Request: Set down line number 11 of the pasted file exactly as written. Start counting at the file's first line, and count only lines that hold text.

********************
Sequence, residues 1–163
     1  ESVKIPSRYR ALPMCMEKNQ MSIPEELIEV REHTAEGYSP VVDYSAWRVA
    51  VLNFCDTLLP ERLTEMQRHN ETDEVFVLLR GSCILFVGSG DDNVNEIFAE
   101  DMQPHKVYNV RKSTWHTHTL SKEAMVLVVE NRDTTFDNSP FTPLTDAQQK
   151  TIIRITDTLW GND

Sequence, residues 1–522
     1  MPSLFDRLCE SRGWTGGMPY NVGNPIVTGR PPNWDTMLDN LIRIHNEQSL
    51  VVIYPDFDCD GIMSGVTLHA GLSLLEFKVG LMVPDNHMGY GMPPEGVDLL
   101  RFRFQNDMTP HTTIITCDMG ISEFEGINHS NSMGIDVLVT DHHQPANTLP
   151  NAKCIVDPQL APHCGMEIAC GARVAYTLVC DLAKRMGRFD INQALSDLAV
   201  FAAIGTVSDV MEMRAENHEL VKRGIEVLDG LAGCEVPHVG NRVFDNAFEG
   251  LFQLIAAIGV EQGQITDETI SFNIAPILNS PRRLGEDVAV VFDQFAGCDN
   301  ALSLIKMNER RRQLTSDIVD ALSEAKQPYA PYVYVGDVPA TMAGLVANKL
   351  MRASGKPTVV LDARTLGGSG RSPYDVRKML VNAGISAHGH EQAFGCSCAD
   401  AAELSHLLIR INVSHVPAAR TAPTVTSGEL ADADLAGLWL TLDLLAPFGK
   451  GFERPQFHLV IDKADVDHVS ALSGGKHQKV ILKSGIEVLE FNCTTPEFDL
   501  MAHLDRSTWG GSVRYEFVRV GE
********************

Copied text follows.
   201  FAAIGTVSDV MEMRAENHEL VKRGIEVLDG LAGCEVPHVG NRVFDNAFEG